"Who, if I cried, in the hierarchy of angels would hear me?" Rainier Maria Rilke

Yarrow or Achilles’ Weed

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This article was conceived in the spring, and got lost over the summer in the “to publish” folder, so you will read about yarrow at a time of year when you can’t easily go pick it.
Hopefully it will give you something to look forward to. Come spring , the feathery yarrow sprouts will be coming up out of the ground, and the pink, yellow and white flowers will follow in summer.
In my garden, I have many herbs I planted from seed, a few gifted, and a few bought plants. Oregano, rosemary, lavender, dill, fennel, sweetgrass, white sage, coriander have all graced my yard over the years. Most are still there. Of all of them, the only one I regretted buying was yarrow. Not because I don’t like it or find it useful, but because I had to laugh out loud at myself when I brought it home to plant and found it growing wild in the yard already. Yarrow is found all over Seattle in white, pink, and yellow flowering varieties; some in gardens, some volunteering. It is one of the herbs which has a rich medicinal use history in Native American and European herbalism . In addition, it is used in the Western magical traditions and is immortalized in British poetry and folklore.

Gerard tells us that yarrow is the same plant with which Achilles staunched the bleeding wounds of his soldiers. Others say that it was discovered by Achilles, Chiron’s disciple.

It was called Herba Militaris, the military herb, by the ancients. Hence the genus name, Achilles. The specific name, Millefolium, is derived from the many segments of its foliage, thousand leafed literally. It is also called milfoil, old man’s pepper, soldier’s woundwort, Knight’s Milfoil, thousand weed, staunchweed, and Devil’s nettle.(Grieves)

Yarrow grows everywhere, in the grass, at the base of trees, in meadows, by the roadside. It’s stalks are used in throwing the I Ching in China. It flowers from June to December, according to Grieves, although I’ve not seen a bloom past September. The stems are hairy, it has many fine leaves and a cluster of flowers(see pic). It spreads by root and seed.

Yarrow was much esteemed as a vulnerary, for stopping bleeding. “The Highlanders still make an ointment from it, which they apply to wounds, and Milfoil tea is held in much repute in the Orkney’s for dispelling melancholy”(Grieves, Modern Herbal) It has been called Nosebleed for its property of staunching nosebleeds, although it is also attributed with the ability to cause a nosebleed. “…there is a curious mode of divination with its serrated leaf, with which the inside of the nose is tickled while the following lines are spoken….’Yarroway, Yarroway, bear a white blow, If my love love me, my nose will bleed now”(Grieves). There must be an easier way!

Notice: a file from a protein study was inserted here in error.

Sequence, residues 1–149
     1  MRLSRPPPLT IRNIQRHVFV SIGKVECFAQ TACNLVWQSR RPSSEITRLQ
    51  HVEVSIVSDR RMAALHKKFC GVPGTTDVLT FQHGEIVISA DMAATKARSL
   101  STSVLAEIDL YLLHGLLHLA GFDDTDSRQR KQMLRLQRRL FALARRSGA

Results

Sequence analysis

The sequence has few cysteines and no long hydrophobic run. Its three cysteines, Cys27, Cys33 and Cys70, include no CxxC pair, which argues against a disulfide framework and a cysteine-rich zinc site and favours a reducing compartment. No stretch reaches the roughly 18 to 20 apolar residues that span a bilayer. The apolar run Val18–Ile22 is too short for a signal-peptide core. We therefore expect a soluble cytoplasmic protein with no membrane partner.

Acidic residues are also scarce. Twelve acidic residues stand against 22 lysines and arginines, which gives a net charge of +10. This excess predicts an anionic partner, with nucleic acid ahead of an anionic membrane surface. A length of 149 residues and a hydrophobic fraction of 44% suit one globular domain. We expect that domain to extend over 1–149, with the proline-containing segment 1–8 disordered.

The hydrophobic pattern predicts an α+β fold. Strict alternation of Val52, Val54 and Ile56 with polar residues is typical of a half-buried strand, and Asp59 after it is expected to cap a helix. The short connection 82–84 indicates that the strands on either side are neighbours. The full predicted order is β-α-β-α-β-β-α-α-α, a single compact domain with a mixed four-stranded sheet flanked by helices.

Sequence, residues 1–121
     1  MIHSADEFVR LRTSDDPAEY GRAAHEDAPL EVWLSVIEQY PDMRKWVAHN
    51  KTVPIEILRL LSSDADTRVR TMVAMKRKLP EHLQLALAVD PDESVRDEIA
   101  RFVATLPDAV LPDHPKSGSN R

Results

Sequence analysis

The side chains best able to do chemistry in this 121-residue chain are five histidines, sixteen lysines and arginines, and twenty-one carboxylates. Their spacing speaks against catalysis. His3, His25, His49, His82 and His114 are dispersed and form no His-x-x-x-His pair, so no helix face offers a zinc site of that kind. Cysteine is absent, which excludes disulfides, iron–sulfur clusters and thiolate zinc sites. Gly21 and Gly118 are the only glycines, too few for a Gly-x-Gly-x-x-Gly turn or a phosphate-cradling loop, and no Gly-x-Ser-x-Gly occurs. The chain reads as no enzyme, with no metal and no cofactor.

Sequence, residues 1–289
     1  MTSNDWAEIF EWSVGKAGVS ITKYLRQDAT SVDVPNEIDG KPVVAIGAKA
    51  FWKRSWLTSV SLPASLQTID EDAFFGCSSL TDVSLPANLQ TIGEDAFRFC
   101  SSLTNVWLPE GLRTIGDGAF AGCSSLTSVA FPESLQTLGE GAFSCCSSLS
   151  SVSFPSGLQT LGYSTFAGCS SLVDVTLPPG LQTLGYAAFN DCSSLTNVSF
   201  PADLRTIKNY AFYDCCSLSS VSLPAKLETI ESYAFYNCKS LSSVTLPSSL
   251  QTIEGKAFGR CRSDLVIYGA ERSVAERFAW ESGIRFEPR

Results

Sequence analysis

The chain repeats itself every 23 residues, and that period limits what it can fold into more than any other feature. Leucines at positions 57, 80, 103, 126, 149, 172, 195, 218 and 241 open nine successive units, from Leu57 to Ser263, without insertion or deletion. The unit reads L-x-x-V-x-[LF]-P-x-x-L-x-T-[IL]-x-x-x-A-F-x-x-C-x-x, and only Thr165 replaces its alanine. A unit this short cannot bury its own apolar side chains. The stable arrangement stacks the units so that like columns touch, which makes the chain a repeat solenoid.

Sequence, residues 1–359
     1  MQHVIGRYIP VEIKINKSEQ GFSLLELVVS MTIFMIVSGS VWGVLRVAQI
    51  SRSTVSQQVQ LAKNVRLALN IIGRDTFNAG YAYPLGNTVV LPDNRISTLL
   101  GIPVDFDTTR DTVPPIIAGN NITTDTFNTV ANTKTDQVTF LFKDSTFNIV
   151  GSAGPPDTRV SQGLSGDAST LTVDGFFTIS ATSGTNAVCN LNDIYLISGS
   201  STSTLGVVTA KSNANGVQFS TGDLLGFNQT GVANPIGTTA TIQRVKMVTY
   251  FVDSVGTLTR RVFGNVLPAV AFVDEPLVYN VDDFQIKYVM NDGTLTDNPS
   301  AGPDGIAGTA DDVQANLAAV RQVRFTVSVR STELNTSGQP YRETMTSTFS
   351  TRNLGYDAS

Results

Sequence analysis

Yarrow was used by Native Americans for digestive troubles and headaches, as well as for staunching wounds. It was employed as snuff in Europe, hence Old Man’s Pepper.

In the 17th century it was used in salads. Yarrow tea is a good remedy for severe colds; a decoction for kidney disorders. The bruised herb is used in Norway for rheumatism, applied topically.

In Western magical herb traditions, Yarrow is attributed to Venus, and used in love incenses and spells. An ounce of Yarrow sewed up in flannel and placed under the pillow before going to bed, having repeated the following words, brought a vision of the future husband or wife:

“Thou pretty herb of Venus’ tree,

Thy true name it is Yarrow;

Now who my bosom friend must be,

Pray tell thou me to-morrow.”(Halliwell’s Popular Rhymes)

Yarrow is attributed to Venus in other sources as well, and is used in her oils and incenses. It grows wild around the Pacific Northwest and can be bought if you must. Pink, yellow and white are common. The flowers and leaves can be easily gathered without killing the plant, so there is always more next year. It is near impossible to kill if you are looking to learn to garden and haven’t yet developed a green thumb.
I will leave you with a poem from Carmina Gaedelica, that treasure trove of Celtic folkloric poetry assembled by Alexander Carmichael in the 1880s.

The Yarrow

I will pluck the yarrow fair,

That more benign shall be my face,

That more warm shall be my lips,

That more chaste shall be my speech,

Be my speech the beams of the sun,

Be my lips the sap of the strawberry.

May I be an isle in the sea,

May I be a hill on the shore,

May I be a star in the waning of the moon,

May I be a staff to the weak,

Wound can I every man,

Wound can no man me.





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